In deciding whether an accidental should be printed, one should generally expect that people reading music will be blind to staffs that don't contain their part(s), and may be blind to music which they are not performing even when it shares a staff with music they are; one should add cautionary accidentals if necessary to ensure that such possible blindness will not affect the pitches to be performed.
In your example, a keyboard piece in C major has two treble clefs, and the left hand (lower staff) plays a mid-staff B♭ near the start of a measure, then if the right hand plays that same staff note later in the measure it should be explicitly marked with either ♭ or (♮). Indeed, such a marking should be used in cases where the staffs used different clefs (e.g. if the left hand, notated with bass-clef, played the F♯ above middle C, and then the right hand, notated with treble clef, played its first-space F.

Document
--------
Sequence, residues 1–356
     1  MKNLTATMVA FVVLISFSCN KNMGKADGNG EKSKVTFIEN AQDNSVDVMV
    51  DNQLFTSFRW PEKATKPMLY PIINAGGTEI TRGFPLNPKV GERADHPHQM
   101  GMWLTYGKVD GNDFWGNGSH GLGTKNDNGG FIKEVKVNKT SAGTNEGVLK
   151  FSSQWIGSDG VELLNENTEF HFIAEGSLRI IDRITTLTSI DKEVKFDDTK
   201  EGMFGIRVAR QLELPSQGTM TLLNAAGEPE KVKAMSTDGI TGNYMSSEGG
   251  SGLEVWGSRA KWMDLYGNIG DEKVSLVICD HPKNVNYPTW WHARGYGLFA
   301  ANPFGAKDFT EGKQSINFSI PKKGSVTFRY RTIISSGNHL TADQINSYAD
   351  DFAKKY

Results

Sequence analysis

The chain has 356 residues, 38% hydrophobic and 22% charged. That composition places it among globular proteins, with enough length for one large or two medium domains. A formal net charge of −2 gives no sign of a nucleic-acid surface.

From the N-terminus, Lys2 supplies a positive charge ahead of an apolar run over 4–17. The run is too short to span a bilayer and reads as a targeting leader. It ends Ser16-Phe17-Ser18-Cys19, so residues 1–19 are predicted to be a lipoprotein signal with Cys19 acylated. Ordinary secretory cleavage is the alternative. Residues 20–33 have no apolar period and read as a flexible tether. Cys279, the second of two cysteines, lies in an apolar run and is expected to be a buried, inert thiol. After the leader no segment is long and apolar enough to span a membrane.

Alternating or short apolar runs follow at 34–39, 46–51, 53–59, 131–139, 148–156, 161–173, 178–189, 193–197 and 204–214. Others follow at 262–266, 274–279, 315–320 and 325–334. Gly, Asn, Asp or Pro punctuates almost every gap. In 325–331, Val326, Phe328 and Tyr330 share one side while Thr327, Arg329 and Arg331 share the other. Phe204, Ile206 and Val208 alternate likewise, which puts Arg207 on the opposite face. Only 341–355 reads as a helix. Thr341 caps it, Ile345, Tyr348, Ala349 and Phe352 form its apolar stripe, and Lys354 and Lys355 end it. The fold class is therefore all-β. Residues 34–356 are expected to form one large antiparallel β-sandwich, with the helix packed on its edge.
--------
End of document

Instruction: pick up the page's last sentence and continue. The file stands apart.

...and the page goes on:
Note also that if e.g. in C major one performer performs a B♭ in the middle of treble clef, and another performer simultaneously performs a B♮ in the middle of treble clef, it may be helpful to mark the latter note with a cautionary accidental (♮). Such a marking may not be necessary from a performance standard, but in its absence the dissonance might make performers wonder if the "B♮" might be actually be a misprinted B♭. In cases where confusion is unlikely, no accidental is required, but when confusion would otherwise be likely, a cautionary accidental can help.
Returning to your example, the B♭ shouldn't apply to the right hand, but I think that notationally it would have been appropriate to mark the right hand B with a (♮).